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Throughout the history of DAR Historic Preservation has always been one of the main focuses of the mission of the organization. DAR members participate is a wide variety of Historic Preservation projects as it is crucial to saving our history for future generations.

Historic Preservation

Louisiana Purchase

The Arkansas Daughters may hold the distinction of one of the most unusual locations for a DAR marker.  Following the discovery in 1921 of the slash marks on gum trees made by the original surveyors of the Louisiana Purchase in 1815, the L’Anguille Chapter in Marianna, Arkansas, seized the rediscovery as a historical cause.  In 1926, they met at a temporarily dry site to dedicate this stone monument erected at the Louisiana Purchase Initial Survey Point.  It is from this point that all land in the Louisiana Purchase, 83,000 miles of wilderness, was mapped.  A survey of the new land began in 1815 in East Arkansas.  The 1921 discovery and subsequent marking focused attention on the site, located in a swamp in the Little Cypress Creek watershed at the corner of Lee, Phillips and Monroe Counties, that had gone unheralded for more than a century.  The DAR had also obtained deeds from landowners dedicating enough land for a small park at the site. The Arkansas General Assembly passed legislation in 1961 setting aside the area that ultimately became the Louisiana Purchase Historic State Park, where visitors can walk along a boardwalk through the swamp to see the stone and experience the sites and sounds of the wilderness, as did the original surveyors.  Photo courtesy of Arkansas Department of Parks and Tourism

Historic Preservation

D.C. Boundary Stones

Daughters also note important lines and boundaries, such as the nation’s capital.  In 1791, after years of controversy and debate over Washington, D.C.’s defining lines, President Washington issued a proclamation giving the exact boundaries of the “district for the permanent seat of government.”  The first stone, at the southern corner, was ceremoniously laid at Jones’ Point on April 15, 1791.  The last of the forty original stones defining the ten-mile-square area delineated by Andrew Ellicott (advisor to explorer Meriwether Lewis and most noted surveyor of his time) and his technical assistant, Benjamin Banneker (also a noted astronomer, mathematician and urban planner considered by many to be the first African American scientist) were laid in 1792.  All of the stones bear the inscription “Jurisdiction of the United States” on the side facing the district; the opposite sides bear the inscriptions of either “Virginia” or “Maryland,” as appropriate to the state that ceded the land.  For over a century, many of the stones languished, forgotten or lost in the mushrooming growth of the Capital City.   On April 7, 1915, the District of Columbia Society adopted the reclaiming of the boundary stones as their project for the year.  It was a permanent adoption.  Over the years they have located and cataloged the original stones, improving the sites where possible and noting exact locations.  They continue to preserve the historical monuments and create public awareness of their importance.  In this July 11, 1916, photo, the Columbia Chapter and their guests—decked in their Sunday best despite the heat of the Washington summer—gather to commemorate the Northwest #4 stone.  Chaplain General Mary Lockwood, festive in red, white and blue stripes, joined them for the celebration.   Photo courtesy of DC DAR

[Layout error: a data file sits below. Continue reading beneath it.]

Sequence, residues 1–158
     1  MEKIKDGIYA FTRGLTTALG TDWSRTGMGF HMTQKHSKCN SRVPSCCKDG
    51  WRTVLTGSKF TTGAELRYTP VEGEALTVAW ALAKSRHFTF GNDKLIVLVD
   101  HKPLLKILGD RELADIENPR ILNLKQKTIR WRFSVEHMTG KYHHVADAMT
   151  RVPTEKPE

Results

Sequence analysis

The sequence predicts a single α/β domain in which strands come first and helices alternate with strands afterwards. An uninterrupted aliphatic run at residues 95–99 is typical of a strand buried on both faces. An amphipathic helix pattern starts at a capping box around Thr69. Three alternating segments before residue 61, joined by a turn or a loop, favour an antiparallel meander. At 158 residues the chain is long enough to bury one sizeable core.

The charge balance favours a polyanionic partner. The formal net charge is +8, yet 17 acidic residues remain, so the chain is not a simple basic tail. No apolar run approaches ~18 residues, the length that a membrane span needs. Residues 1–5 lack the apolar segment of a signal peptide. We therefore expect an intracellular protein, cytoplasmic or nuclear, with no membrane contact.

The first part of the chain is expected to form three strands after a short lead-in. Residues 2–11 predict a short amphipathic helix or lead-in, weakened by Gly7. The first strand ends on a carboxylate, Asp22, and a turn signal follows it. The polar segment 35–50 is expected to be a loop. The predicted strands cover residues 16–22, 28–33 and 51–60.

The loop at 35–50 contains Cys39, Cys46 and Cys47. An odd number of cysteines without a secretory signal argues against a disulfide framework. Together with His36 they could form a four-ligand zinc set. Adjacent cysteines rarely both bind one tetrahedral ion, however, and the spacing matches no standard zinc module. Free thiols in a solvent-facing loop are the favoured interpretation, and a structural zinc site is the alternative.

Historic Preservation

USS Maine

In 1915, the Lady Stirling Chapter in Seattle, Washington, unveiled a boulder and plaque placed in memory of the sinking of the USS Maine, the incident that would launch the Spanish-American War in 1898.

Historic Preservation

Old Belfry on Belfry Hill in Lexington, Massachusetts

In 1910, the Lexington Chapter dedicated a plaque on the original site of the Old Belfry on Belfry Hill in Lexington, Massachusetts.  From there the bell summoned people to worship, warned them of danger, tolled on their deaths, and sounded the alarm of April 19, 1775.  In Lexington later that day would be fired the "shot heard round the world" that began the war for American Independence.   The plaque was refurbished in 1999.  That famous “shot heard round the world” was almost fired in Framingham instead of Lexington.  British spies in Buckminster’s Tavern observed the Minutemen of Framingham drilling on the old training field, and their report back to General Thomas Gage would convince him to take a less direct route in his march to Worcester.